The great advantage that Caleb Shomo had when he first unleashed the primal fury of Beartooth on the world was the lack of expectations surrounding the project. His humble beginnings as the keyboardist, and eventual vocalist and mastermind, of crabcore punch line Attack Attack! were hardly an impressive résumé. Now that we know how good Shomo is at delivering his fusion of feral underground hardcore and radio-ready choruses, the bar has been set a hell of a lot higher. Disgusting was one of the best albums of 2014 because it made its obvious comparison points sound toothless, while also beating them blow for blow in the catchy chorus department. It was also obvious that the record was Shomo’s baby, and far more of a passion project for him than anything he had put his name to previously.
On the surface, Aggressive is a very similar follow-up. It repeats the trick of marrying the intensity of Every Time I Die to the mass accessibility of A Day to Remember, though this time leans more towards the latter. Depressingly, though, Beartooth are far less invigorating on this album than they seemed two years ago. Part of this may be because the expectations are so much greater this time around; but on a song-by-song, hook-by-hook basis, Disgusting is clearly the superior to its follow-up. Both albums see few deviations from the screamed verse/anthemic chorus model, but both parts of the equation were handled more effectively the first time around. Aggressive often fails to hit the same heights because it puts more emphasis onto its melodic flavor, but that flavor feels stale. The hooks on the album bleed into one another as it gallops along, repeating the gimmick of bringing in gang vocals to form a call-and-response far too many times. There are some great moments scattered throughout, and both “Hated” and “Sick of Me” hit similar heights to the biggest moments of Disgusting. The album as a whole is a disappointing step-down.
The most frustrating thing about it is the great big coat of polish that’s been slapped on. Disgusting worked so well because the production job was raw as hell, the bass given room to gurgle in the lower end and Shomo’s voice hitting you in the face like he was screaming over your shoulder. Ironically enough given its name, Aggressive feels relatively reined-in, the bear’s roaring jaws trapped in a muzzle. It far too often resembles an airbrushed repeat of its predecessor, from the inferior sequel track “Always Dead” to the angsty lyrics across the album as a whole, which unlike on Disgusting sound less heartfelt than they do amateur, because Shomo isn’t spluttering them out like he’ll expire if he isn’t able to. It may have been that bringing in an external producer caused him to rein in the extremities of his approach. If this was the case, it’s done more harm than good to Beartooth’s music.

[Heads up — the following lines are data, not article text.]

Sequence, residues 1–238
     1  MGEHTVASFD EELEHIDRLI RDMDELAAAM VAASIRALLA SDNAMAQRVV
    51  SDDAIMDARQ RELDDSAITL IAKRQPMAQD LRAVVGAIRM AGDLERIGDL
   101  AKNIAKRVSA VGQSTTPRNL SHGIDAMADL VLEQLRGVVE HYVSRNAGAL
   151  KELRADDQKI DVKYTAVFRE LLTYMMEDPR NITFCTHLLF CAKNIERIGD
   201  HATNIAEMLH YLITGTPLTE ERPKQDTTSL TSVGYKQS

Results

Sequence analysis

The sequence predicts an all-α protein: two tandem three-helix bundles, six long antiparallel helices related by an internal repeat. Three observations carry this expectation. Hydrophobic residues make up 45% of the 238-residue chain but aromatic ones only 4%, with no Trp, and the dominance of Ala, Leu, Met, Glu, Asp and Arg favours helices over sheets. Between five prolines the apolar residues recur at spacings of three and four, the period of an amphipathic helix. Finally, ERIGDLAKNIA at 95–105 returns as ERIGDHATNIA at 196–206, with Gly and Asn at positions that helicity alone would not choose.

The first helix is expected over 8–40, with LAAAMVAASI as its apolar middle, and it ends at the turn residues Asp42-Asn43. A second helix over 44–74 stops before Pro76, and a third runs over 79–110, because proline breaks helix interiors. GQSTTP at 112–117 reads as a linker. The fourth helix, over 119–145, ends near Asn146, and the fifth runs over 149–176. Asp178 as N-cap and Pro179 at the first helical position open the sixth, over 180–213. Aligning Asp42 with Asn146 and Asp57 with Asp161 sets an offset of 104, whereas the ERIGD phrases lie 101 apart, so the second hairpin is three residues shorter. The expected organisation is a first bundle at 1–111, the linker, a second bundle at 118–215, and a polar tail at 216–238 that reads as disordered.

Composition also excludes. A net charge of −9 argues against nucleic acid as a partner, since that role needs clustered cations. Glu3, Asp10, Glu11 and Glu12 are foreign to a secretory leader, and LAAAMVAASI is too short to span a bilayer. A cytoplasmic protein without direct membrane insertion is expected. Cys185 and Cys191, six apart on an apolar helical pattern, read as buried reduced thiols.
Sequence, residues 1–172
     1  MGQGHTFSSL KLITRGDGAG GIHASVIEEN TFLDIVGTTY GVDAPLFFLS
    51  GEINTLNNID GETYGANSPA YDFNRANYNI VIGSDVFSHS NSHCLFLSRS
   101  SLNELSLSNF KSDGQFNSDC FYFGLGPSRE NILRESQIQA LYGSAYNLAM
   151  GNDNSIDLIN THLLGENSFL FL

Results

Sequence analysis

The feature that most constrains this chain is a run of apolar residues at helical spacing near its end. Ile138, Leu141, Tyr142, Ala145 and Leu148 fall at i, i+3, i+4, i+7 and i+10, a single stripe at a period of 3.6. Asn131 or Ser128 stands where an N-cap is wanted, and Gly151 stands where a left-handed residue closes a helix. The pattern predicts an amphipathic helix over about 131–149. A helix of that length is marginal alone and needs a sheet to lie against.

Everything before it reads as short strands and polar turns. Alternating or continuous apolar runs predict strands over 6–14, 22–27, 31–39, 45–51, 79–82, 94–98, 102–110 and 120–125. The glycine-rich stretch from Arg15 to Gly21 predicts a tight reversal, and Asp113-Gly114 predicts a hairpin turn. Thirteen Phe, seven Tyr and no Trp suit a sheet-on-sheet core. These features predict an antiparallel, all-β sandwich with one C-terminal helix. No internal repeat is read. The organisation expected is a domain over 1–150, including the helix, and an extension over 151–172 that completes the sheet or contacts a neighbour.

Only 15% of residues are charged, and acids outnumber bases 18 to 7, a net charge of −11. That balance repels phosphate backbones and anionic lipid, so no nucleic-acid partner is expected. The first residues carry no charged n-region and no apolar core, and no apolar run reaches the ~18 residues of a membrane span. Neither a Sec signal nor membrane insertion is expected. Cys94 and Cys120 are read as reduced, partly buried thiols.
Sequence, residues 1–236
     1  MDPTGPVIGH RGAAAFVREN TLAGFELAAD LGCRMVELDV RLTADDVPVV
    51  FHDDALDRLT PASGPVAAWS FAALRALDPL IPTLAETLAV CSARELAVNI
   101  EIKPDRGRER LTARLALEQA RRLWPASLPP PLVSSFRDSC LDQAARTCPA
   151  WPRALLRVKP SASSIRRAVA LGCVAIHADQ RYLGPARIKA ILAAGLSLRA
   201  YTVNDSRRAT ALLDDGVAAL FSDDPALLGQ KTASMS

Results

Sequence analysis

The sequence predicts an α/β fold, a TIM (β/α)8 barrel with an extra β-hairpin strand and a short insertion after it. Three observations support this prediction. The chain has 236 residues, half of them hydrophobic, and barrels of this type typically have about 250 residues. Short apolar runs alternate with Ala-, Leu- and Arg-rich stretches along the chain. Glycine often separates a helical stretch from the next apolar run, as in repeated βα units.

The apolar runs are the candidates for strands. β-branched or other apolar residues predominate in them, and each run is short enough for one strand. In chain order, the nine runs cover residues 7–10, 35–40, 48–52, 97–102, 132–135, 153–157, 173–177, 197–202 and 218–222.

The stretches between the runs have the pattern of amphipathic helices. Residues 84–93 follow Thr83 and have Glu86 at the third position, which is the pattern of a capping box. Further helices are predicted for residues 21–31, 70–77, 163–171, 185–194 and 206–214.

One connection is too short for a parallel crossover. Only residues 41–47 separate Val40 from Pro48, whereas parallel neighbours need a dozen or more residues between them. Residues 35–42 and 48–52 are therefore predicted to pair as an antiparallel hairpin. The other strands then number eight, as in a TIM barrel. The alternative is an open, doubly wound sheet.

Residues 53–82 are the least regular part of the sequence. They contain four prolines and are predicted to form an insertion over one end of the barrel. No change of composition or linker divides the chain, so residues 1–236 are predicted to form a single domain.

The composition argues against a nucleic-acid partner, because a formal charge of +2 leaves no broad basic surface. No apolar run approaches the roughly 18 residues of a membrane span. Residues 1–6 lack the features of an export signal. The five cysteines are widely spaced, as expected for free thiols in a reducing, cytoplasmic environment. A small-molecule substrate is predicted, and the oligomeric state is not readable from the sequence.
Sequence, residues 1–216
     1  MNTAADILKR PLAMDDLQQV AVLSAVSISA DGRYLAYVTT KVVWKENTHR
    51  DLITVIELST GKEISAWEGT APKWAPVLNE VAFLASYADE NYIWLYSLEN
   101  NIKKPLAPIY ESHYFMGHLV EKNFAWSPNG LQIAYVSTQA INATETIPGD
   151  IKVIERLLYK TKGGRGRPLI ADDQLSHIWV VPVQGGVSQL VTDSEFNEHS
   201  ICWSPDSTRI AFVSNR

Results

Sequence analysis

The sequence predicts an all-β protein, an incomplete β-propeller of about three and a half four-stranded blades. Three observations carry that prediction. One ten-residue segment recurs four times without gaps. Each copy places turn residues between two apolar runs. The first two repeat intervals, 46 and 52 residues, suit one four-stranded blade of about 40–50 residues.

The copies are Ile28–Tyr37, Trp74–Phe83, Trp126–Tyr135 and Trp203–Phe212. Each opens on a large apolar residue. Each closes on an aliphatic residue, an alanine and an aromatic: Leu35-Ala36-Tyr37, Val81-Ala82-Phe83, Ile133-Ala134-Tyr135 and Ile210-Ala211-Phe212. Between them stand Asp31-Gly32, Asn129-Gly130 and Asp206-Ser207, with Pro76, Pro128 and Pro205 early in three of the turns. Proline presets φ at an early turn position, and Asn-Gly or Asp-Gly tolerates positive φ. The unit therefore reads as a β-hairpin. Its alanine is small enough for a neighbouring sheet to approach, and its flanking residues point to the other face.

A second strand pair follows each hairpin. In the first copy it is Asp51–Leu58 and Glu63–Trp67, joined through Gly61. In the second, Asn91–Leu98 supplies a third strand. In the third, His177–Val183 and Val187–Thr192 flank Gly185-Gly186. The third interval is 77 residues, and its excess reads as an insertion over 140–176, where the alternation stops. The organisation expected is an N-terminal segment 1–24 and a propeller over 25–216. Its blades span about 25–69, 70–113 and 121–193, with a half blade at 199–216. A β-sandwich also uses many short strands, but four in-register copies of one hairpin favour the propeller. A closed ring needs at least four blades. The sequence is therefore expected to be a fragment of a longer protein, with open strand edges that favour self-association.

Overly repetitive, disappointingly sanitised, and lacking the instantly memorable hooks of old: three big strikes. Aggressive isn’t a bad album, though, and in parts it’s excellent. The first three tracks get things off to a promising start, and the lurching main riff of “Censored” is one of the best the band has penned to date. Most unexpected among the highlights is “King of Anything”, a two minute denouement that closes out the record with aching, restrained guitars, a bare-bones vocal from Cuomo, and nothing else. It’s a startling moment of innovation on an album that’s sorely lacking them. What the song demonstrates is that Beartooth don’t need to be whipping up moshpits to sound intense, they can do so with mood and underlying tension as well. That Aggressive as a whole does not translate this is a shame, and a few more of these reined-in moments sprinkled among the predictable post-second chorus breakdowns could have worked wonders for the album as a whole.
Beartooth are still a better, more interesting band than the legions of identikit Warped Tour metalcore t-shirt salesmen, and remain leagues above anything else Shomo has put his name to in terms of quality. Aggressive is nonetheless a disappointingly tame follow-up to its unhinged predecessor, which aims for a shift towards melody but can’t convincingly make the leap. Housed in a far cleaner production job, and showing little readiness to explore an untapped vein of maturity, this sophomore slump is an enjoyable letdown with its heart in the right place, but it is a letdown regardless.